President Donald Trump pressured Georgia's top election official, a fellow Republican, in an extraordinary phone conversation to "find" enough votes to overturn Joe Biden's victory in the Southern state, US media reported Sunday.
In the conversation with Secretary of State Brad Raffensperger on Saturday, a recording of which was first obtained by The Washington Post, Trump warns Raffensperger that he and his general counsel could face "a big risk" if they failed to pursue his request.
"The people of Georgia are angry, the people in the country are angry," Trump is heard saying on the tape, which was also aired by other media.
"And there's nothing wrong with saying, you know, um, that you've recalculated," the president says. "You're off by hundreds of thousands of votes."
Raffensperger is heard responding: "Well, Mr. President, the challenge that you have is, the data you have is wrong."
Biden won the traditionally conservative state by fewer than 12,000 votes -- a margin unchanged after recounts and audits.
Even a hypothetical reversal there would not be enough to deprive Biden of victory.
Word of the recording came at an extraordinary juncture, two days before special runoff elections in Georgia that will decide control of the US Senate, and three days before Congress is to certify the results of the November 3 election.
That certification, normally routine, is now being challenged by scores of lawmakers at Trump's behest -- though Republican Congressman Adam Kinzinger urged them to reconsider in light of the tape.
"This is absolutely appalling. To every member of Congress considering objecting to the election results, you cannot -- in light of this -- do so with a clean conscience," he tweeted.
- 'Contempt for democracy' -
Ahead of the release of the audio, Trump tweeted about the call, saying that Raffensperger "was unwilling, or unable, to answer questions such as the 'ballots under table' scam, ballot destruction, out of state 'voters', dead voters, and more."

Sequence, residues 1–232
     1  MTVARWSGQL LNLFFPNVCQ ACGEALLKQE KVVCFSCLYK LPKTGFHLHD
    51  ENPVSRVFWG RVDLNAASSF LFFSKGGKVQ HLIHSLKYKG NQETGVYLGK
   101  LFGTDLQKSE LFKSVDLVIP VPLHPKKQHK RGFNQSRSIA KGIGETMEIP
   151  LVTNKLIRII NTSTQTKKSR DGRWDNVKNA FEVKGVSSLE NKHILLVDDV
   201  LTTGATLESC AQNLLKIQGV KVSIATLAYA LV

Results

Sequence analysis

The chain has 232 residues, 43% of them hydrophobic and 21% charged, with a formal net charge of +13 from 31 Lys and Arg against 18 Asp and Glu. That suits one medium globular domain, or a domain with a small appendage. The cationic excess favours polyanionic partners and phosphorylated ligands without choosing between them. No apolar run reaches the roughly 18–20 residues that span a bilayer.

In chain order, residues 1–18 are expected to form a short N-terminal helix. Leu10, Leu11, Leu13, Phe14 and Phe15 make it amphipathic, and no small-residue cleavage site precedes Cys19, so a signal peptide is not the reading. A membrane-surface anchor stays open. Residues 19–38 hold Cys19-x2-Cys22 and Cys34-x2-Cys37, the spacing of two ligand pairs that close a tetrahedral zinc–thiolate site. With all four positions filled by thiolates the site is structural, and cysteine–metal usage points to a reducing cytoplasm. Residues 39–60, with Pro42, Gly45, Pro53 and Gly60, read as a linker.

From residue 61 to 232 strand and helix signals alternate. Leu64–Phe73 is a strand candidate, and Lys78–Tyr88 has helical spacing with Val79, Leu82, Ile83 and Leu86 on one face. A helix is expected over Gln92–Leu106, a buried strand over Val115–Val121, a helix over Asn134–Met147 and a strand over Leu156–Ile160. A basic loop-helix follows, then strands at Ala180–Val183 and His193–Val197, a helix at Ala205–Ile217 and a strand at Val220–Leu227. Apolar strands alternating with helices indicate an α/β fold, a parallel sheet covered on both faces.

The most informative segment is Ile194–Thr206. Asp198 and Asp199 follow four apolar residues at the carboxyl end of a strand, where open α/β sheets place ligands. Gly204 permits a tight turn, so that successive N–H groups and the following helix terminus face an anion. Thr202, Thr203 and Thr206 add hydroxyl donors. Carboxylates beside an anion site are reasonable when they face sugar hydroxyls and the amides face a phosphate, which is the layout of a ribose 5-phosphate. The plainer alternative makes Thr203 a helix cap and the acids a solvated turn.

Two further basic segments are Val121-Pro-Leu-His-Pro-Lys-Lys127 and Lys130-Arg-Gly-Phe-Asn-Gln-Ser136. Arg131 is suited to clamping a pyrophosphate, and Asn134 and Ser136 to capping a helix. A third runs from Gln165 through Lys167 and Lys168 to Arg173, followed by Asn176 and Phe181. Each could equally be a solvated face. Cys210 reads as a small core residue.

Raffensperger tweeted back, also ahead of the release of the audio, saying: "Respectfully, President Trump: What you're saying is not true. The truth will come out."
After the release, the White House declined to comment.
Democrats were quick to condemn the call.
"Trump's contempt for democracy is laid bare. Once again. On tape," Representative Adam Schiff said on Twitter.
"Pressuring an election official to 'find' the votes so he can win is potentially criminal, and another flagrant abuse of power by a corrupt man who would be a despot, if we allowed him. We will not."
Some political commentators compared the call to the Watergate tapes that led to the fall of past US president Richard Nixon.
Carl Bernstein, one of the reporters who helped bring down Nixon's presidency, called it "the ultimate smoking gun tape."
Trump has waged an all-out fight against the election results. But scores of recounts and lawsuits, as well as a review by his own Justice Department, have failed to substantiate the claims.
At one point, he invited Republican election officials from Michigan to the White House in an apparent effort to pressure them over their vote certification.
He also pressed Georgia Governor Brian Kemp, a Republican, in a separate phone call.
Raffensperger and other election officials who have rejected Trump's entreaties, in Georgia and other states, have received death threats from his supporters.
It was not clear who released the tape, but under Georgia law, Raffensperger could legally have taped it without Trump's consent.